Growing Dixie Fire incinerates entire town of Greenville, California

The Dixie Fire in northern California exploded over the weekend to become the nation’s largest current wildfire, the second largest in the state’s history, and the single largest fire ever to hit the region. The blaze incinerated the town of Greenville over the weekend, nearly 150 miles north of Sacramento, the state’s capital.

To date, the fire has scorched more than 463,000 acres across four counties. Containment dropped from Friday into Saturday from 35 percent to 21 percent, due to its rapid growth. So far, the fire has destroyed at least 100 homes, but that number is likely an undercount. In terms of size, the fire now covers an area larger than the city of Houston, Texas.

Adding to the intensity of the fire have been the tinder-box conditions created by climate change, inducing record-setting temperatures in the region, which include dry, arid air, the drying out of vegetation and the role played by the ongoing drought covering the vast majority of the state. Out of 58 counties statewide, 55 of them are considered to be in a state of a severe drought, or worse.

Firefighters battle the Tamarack Fire in the Markleeville community of Alpine County, Calif., on Saturday, July 17, 2021. (AP Photo/Noah Berger)

There are still 11 other fires burning in the state, including the McFarland Fire, the Antelope Fire, the Tamarack Fire, the Monument Fire, the McCash Fire, the River Complex 2021 Fire, the Tilltill Fire, the River Fire, the Lava Fire and the Beckwourth Complex Fire. Altogether, 579,614 acres have burned and 400 structures have been destroyed, according to the San Francisco Chronicle’s California Fire Map and Tracker.

Approximately 18,000 people have had to flee their homes, and those who have already lost them will likely not be allowed back into town to survey the damage for days to come.

On Saturday, Democratic Governor Gavin Newsom, who is facing a recall election next month, went to tour Greenville, which had a number of historic buildings destroyed, including a pharmacy dating back to 1890 which was its oldest structure. The entire town now lays in ashes. Newsom tweeted, “Our hearts ache for this town,” and promised residents, “though this moment may seem insurmountable, we’ll be there to help you rebuild.”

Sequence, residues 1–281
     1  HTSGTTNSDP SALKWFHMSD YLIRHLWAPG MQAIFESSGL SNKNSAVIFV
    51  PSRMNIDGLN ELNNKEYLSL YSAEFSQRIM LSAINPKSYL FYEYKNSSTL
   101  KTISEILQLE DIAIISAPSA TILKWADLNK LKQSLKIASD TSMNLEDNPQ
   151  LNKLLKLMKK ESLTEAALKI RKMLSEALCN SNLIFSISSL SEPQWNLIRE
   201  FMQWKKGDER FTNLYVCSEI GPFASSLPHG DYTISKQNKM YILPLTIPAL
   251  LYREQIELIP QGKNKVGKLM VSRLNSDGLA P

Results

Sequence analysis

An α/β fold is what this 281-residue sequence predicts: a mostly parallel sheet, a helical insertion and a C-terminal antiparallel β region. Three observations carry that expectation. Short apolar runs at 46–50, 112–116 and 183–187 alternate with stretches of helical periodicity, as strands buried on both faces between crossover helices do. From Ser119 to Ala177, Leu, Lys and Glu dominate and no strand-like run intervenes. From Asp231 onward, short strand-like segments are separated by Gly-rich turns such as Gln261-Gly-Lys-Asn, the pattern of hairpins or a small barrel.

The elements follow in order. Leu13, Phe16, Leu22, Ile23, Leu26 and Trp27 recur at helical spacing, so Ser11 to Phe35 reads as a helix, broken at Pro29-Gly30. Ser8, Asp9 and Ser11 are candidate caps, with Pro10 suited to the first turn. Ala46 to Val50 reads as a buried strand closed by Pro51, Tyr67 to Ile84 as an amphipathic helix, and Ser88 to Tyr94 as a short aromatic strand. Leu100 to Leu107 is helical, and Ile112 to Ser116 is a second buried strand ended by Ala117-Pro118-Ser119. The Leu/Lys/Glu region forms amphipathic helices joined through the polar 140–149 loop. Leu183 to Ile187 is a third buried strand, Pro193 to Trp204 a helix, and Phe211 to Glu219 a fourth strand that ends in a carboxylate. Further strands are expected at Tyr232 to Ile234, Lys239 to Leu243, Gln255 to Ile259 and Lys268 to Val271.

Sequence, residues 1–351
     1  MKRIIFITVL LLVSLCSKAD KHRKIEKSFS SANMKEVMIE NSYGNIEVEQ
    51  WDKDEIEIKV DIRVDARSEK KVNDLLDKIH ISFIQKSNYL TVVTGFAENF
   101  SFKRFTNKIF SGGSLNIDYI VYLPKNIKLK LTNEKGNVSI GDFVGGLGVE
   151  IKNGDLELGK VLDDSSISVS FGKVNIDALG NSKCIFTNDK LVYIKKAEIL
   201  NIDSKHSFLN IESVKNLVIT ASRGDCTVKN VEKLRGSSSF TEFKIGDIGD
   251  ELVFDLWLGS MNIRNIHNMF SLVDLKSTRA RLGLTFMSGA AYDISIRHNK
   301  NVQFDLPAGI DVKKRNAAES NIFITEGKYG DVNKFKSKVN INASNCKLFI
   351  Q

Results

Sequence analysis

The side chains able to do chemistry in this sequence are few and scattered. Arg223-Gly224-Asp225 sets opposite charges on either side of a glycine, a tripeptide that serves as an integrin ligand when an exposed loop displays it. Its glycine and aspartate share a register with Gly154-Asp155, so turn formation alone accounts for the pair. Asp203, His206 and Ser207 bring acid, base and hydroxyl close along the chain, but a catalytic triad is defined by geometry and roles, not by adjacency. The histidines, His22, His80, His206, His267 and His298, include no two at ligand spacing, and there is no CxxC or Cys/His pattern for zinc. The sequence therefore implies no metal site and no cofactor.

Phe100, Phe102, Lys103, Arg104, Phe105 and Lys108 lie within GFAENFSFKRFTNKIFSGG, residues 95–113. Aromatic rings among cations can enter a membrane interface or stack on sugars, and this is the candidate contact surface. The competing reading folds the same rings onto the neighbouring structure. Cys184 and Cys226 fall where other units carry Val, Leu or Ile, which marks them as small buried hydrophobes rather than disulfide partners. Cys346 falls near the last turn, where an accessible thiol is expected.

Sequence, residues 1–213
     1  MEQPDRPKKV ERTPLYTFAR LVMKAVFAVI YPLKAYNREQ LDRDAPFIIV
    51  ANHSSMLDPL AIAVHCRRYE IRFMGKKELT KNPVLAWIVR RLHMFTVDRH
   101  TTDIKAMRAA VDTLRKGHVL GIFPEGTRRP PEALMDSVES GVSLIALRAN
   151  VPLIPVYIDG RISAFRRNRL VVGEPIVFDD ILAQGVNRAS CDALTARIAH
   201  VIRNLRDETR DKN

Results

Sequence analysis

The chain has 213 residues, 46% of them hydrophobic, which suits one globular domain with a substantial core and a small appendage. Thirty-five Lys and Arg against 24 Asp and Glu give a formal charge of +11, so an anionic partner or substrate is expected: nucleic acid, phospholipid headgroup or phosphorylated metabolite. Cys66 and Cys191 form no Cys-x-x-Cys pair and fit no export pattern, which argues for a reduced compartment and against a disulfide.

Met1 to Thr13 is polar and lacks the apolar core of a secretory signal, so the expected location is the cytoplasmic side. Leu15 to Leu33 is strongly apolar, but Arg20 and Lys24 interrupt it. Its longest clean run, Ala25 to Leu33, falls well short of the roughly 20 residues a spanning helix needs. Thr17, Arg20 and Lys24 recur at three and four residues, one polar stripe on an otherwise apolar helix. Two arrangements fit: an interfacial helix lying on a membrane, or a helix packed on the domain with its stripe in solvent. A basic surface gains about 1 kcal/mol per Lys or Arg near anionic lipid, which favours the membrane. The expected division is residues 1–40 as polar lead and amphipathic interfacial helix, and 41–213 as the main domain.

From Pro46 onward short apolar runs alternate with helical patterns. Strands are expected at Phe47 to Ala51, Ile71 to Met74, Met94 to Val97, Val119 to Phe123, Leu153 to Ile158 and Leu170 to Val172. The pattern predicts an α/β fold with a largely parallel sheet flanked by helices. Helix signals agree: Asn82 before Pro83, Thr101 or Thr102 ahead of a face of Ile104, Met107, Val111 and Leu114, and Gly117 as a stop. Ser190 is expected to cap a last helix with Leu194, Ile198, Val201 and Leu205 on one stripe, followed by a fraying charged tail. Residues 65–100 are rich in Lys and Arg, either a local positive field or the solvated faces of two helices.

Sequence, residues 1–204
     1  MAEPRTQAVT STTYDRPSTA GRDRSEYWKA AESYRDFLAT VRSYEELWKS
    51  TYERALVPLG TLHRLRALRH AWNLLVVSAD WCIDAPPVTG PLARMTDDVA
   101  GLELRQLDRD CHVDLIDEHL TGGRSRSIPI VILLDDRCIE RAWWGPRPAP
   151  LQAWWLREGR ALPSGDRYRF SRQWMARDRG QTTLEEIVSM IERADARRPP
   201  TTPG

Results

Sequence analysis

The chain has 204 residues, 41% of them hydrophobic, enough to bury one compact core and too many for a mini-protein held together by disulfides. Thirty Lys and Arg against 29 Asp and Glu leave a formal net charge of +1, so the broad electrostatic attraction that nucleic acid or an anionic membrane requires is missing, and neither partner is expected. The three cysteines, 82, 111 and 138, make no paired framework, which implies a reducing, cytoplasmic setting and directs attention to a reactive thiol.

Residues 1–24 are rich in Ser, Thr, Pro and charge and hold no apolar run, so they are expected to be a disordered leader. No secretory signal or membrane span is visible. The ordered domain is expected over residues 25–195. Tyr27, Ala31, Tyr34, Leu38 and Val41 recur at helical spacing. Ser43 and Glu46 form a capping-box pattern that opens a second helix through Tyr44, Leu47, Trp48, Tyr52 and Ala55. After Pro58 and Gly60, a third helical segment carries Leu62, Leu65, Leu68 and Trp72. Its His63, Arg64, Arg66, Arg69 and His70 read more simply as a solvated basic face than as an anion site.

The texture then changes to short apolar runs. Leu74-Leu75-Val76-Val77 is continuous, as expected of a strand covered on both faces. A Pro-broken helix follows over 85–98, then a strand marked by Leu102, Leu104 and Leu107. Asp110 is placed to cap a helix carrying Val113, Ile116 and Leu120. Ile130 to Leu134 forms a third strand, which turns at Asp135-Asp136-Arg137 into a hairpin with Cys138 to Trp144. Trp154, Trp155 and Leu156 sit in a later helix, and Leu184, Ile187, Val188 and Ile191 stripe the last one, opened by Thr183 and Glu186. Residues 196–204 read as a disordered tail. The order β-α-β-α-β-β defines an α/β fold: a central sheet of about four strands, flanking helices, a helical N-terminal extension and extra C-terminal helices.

Newsom also expressed his “deep gratitude” for the 8,500 first responders who are “working 24-hour, no exaggeration, 24-hour shifts,” adding that, “with even all that heroism, though, they couldn’t save Greenville, this entire town completely destroyed, not dissimilar to what we saw a few years ago in Paradise, California.”

“We recognize we have to do more in active forest management, vegetation management, prepositioning assets, and the state’s doing an historic amount in all those areas,” Newsom said. “At the end of the day, though, we have to acknowledge this—the dries are getting a lot drier, and the heat and hot weather is a lot hotter than it’s ever been. The extreme weather conditions, the extreme droughts, are leading to extreme conditions and wildfire challenges, the likes of which we have never seen in our history. And as a consequence, we need to acknowledge, just straight up, these are climate-induced wildfires.”

The empty words from Newsom and his lip service about forest management and climate change come too little, too late. Although human-induced climate change is creating “perfect storm” conditions for an increase in the size, number and intensity of wildfires all over the world, this fire in particular, indeed, did have something “not dissimilar” to that of the Camp (Paradise) wildfire of 2018: downed PG&E power lines, which the company says “might” be responsible for the current fire.